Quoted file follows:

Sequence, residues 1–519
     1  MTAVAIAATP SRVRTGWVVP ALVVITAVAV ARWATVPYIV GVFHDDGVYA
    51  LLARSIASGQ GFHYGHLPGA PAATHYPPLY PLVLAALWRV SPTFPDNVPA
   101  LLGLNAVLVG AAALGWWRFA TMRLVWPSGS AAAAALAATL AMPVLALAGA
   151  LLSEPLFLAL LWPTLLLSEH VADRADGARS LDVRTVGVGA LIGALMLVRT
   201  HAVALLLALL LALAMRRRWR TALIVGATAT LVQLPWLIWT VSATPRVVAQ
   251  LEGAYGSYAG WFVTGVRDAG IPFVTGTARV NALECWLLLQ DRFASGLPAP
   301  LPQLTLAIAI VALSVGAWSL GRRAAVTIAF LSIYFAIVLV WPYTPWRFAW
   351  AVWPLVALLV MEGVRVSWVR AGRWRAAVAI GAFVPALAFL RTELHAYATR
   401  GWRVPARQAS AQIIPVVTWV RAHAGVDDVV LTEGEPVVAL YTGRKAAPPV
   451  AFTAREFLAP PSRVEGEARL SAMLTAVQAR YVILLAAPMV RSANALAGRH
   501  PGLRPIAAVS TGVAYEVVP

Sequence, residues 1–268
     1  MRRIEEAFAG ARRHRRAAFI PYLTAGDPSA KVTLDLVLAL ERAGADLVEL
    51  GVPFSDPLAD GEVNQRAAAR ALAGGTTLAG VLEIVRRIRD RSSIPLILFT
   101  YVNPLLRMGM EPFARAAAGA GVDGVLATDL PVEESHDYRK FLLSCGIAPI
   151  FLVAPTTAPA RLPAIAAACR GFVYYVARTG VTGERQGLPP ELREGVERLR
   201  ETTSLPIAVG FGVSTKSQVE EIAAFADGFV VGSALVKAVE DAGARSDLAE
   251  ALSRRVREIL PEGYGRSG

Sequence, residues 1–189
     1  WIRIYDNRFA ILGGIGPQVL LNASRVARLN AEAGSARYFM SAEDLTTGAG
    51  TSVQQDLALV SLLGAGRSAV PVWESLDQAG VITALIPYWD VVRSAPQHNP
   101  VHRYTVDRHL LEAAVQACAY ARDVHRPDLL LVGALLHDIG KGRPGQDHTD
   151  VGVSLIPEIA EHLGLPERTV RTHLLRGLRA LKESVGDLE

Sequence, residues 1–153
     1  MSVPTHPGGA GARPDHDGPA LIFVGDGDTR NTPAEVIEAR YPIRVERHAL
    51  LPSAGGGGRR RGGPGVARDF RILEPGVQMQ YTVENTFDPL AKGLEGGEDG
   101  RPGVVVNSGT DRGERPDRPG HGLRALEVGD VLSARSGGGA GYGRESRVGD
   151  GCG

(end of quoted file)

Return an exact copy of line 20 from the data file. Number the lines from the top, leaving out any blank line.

Sequence, residues 1–189